#morethankneedeep #fearofdrowning #trustenoughtoswim #Ezekiel47 #ankledeep #committoswim #diveintotheriver

Monday, January 5, 2015

After Christmas Ponderings, and Happy New Year! - Two

our children's safety is of utmost concern

we never want them to be without our protection

If you’re a parent, your greatest fear is the loss of your child – physically or spiritually. If they’ve ever run away, wandered off, survived a serious illness or accident, or suffered at the hands of another, you know the raw terror Joseph and Mary experienced when Jesus went missing.
I vividly remember the day my youngest daughter disappeared. She was seven years old and had silky moonshine hair. Our family was working with missionaries in Manila, the largest city in the Philippines. We’d been repeatedly warned to keep an eye on our beautiful blonde girls, because of trafficking. When I came back from a walk, she wasn’t with the other kids and no one in the household knew where she was. I panicked. Where would I begin to look for her in a city of 1.581 million? For what seemed like hours, I scoured the neighborhood, made calls, and begged for God's help. Finally, I got a hold of my husband; he had taken her on the motorcycle to run an errand.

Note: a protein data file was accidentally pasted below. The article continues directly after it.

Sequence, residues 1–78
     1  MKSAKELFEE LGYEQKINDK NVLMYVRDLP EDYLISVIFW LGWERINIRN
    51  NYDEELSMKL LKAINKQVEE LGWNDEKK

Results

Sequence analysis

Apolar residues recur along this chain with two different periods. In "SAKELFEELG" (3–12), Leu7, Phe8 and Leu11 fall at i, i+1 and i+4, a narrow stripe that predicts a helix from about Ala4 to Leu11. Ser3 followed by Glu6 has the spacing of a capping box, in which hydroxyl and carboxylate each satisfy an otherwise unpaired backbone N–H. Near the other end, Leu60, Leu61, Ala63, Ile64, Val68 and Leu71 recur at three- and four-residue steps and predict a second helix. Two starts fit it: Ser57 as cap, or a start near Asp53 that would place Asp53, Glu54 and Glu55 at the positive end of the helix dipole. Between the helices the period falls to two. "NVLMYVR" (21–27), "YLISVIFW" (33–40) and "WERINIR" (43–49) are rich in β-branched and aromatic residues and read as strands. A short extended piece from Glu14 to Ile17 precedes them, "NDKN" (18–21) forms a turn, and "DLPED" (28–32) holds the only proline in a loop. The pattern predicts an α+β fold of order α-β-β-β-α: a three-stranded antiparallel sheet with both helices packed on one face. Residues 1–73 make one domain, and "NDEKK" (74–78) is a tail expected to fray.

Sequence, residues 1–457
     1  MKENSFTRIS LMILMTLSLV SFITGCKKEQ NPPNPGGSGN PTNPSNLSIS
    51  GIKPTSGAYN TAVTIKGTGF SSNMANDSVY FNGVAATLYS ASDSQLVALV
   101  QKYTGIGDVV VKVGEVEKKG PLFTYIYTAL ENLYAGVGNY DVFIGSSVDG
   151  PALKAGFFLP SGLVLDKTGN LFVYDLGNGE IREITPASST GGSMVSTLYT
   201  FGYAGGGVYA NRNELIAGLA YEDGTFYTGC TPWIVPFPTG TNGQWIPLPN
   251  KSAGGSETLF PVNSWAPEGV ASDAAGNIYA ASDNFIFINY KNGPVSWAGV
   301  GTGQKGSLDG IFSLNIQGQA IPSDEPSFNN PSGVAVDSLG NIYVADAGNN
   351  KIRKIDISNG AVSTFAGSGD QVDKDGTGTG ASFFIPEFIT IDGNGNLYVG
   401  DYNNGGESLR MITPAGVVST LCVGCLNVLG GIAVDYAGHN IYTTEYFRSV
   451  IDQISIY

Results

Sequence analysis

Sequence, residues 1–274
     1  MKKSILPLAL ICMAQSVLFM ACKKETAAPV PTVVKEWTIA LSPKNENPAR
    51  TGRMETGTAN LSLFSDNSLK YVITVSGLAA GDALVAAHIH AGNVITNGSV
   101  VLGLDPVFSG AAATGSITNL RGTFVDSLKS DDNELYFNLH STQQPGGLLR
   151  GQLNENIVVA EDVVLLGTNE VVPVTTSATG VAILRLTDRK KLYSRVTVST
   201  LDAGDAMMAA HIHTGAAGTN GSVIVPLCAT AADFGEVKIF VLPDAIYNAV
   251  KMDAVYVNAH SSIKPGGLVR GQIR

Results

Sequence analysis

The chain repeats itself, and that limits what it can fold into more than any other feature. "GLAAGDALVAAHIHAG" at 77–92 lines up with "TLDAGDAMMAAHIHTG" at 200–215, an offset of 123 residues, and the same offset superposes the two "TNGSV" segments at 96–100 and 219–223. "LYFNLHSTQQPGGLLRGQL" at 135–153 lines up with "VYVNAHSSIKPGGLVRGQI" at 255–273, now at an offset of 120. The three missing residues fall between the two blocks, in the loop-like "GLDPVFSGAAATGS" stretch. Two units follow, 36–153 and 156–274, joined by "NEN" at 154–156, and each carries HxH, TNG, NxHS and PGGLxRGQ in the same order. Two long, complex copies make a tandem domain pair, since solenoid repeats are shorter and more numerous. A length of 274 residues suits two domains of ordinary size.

Jesus’ parents experienced this same panic. Every year of His earthly life, their family went to Jerusalem for Passover. Only this time, they lost Him:

 “After the festival was over, while his parents were returning home, the boy Jesus stayed behind in Jerusalem, but they were unaware of it. Thinking he was in their company, they traveled on for a day. Then they began looking for him among their relatives and friends. When they did not find him, they went back to Jerusalem to look for him. After three days they found him in the temple courts, sitting among the teachers, listening to them and asking them questions. Everyone who heard him was amazed at his understanding and his answers. When his parents saw him, they were astonished. His mother said to him, ‘Son, why have you treated us like this? Your father and I have been anxiously searching for you’” (Luke 2:43-48, emphasis mine).